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Welcome back to Temptation

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The other night I was stressed and unhappy, and found myself reading through some old journal entries, one of which mentioned that reading Jennifer Crusie books always cheers me up.

So I picked up Welcome to Temptation again--the first Crusie I read, and my favorite--and started reading.

The first three chapters are fun but not as great as I had remembered the book being. But then comes that great first sex scene, and from there on the book is marvelous--funny and charming and smart and romantic. Good stuff.

Back when I first read the book, I recommended it to everyone, and I think two or three different people said they had started it but couldn't really get into it. So if you try it and it's not working for you, then you could do what I did: read the first sex scene (pp. 88-99 or so), then once you're interested in the characters and the book, go back and read from the beginning.

(Actually, I first encountered the scene in question when J.S. read it aloud at WisCon. So if that scene isn't working for you on the page, get someone to read it aloud to you. :) )

A few lines I enjoyed this time through:

Sophie thinking about writing (note that "love scene" is romance-writer-speak for "sex scene"):

The problem was trying to write a love scene and stay a lady at the same time. It wasn't possible. The minute you started thinking that writing sex was cheap and disgusting, your mind froze up and you wrote boring dreck.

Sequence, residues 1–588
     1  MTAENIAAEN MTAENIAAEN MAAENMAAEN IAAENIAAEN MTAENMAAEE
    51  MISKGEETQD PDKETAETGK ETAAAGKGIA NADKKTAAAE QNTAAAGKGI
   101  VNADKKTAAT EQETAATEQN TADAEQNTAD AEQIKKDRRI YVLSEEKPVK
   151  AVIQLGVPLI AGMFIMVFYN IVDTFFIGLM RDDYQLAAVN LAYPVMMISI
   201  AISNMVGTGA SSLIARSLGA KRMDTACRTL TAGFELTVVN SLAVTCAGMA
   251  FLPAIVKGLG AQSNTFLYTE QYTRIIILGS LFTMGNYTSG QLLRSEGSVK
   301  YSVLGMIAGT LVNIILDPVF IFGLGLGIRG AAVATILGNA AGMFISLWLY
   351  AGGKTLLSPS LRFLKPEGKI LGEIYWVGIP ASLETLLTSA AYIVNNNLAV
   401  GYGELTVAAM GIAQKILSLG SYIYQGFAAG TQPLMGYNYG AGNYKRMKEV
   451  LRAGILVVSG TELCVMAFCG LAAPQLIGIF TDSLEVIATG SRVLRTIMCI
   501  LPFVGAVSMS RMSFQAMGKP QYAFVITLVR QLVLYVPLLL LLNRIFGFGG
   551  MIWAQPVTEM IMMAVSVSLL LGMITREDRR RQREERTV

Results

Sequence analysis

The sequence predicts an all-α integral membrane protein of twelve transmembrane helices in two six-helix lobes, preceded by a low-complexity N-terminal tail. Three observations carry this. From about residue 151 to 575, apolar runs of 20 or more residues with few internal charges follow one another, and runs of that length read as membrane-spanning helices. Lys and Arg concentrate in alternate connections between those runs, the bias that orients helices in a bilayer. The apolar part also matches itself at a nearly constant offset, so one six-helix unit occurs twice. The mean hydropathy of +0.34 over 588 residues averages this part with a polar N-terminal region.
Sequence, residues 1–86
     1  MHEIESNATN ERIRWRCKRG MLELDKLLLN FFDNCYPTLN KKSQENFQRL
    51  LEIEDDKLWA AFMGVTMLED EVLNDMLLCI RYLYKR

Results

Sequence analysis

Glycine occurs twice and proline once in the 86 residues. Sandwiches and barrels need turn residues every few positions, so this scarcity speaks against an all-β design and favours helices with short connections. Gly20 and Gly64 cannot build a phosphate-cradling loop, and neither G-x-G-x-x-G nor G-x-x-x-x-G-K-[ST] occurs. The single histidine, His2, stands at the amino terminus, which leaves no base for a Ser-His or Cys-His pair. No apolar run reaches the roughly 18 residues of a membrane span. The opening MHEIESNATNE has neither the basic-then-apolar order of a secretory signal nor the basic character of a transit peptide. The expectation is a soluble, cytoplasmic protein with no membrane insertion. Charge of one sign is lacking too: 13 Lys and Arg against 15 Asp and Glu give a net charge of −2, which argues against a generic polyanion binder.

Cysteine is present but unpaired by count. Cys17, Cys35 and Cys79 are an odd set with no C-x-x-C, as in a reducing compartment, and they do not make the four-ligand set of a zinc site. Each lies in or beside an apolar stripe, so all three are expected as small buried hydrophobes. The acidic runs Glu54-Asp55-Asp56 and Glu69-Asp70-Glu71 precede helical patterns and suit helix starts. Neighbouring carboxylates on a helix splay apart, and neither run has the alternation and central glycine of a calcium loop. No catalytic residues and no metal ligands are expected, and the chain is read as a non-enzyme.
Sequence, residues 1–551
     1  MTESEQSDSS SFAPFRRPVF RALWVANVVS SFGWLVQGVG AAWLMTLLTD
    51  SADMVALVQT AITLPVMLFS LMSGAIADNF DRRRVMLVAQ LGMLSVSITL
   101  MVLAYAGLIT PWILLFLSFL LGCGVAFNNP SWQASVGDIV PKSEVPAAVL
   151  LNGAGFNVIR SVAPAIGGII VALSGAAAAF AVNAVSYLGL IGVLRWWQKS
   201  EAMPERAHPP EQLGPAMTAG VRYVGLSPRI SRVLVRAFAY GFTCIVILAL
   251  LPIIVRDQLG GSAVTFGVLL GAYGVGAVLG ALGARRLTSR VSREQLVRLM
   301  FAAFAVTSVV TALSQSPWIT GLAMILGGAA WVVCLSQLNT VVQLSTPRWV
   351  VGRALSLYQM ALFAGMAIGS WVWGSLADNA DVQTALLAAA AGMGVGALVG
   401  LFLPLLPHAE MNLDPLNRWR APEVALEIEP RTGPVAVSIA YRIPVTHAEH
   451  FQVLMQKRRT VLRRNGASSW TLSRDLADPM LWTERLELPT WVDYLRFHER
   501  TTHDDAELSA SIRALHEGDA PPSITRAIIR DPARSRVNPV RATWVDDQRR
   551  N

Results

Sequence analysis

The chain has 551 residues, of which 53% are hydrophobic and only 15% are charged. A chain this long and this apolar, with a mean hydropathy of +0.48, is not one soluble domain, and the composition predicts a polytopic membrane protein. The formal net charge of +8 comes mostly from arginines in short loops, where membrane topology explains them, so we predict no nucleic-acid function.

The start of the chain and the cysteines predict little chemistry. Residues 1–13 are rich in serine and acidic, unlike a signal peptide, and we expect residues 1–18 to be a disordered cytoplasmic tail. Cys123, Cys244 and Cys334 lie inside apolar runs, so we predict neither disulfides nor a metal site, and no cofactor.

(p. 118)

Phin talking to Wes, telling him not to go over to talk with Amy (who's stuck talking with Frank and Georgia):

"As soon as Amy realizes she needs you, she'll come over here and we won't have to put up with Frank and Georgia. Although since you gave [Amy] that showerhead, she may not realize that anytime soon. Never give a woman an appliance that replaces you. She'll use it and turn on you."

(p. 123)

Frank talking to Sophie:

"Did you ever one day look up and realize you'd been staring at the ground when there was a whole sky on top of you? Just one day, realize that there was more out there than you could have imagined?"

"No," Sophie said. She'd always known there was more out there than she could imagine, that was why she was so careful not to look up.

(pp. 125-126)

Hmm. Not sure those work as well out of context.

Anyway, there's also lots of situational humor that wouldn't work at all out of context. There are places where I can't stop laughing all the way through a multi-page scene. So, yup, still an excellent book, still cheers me up. Yay for Crusie!

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Tell me you've read Faking It.


Yep--back when I read Faking It and Fast Women, I ranked Faking It as my second-favorite of hers, after Temptation. That was before I had read Bet Me and a few others, though; it's been long enough that I'm not sure how I would rank them now.


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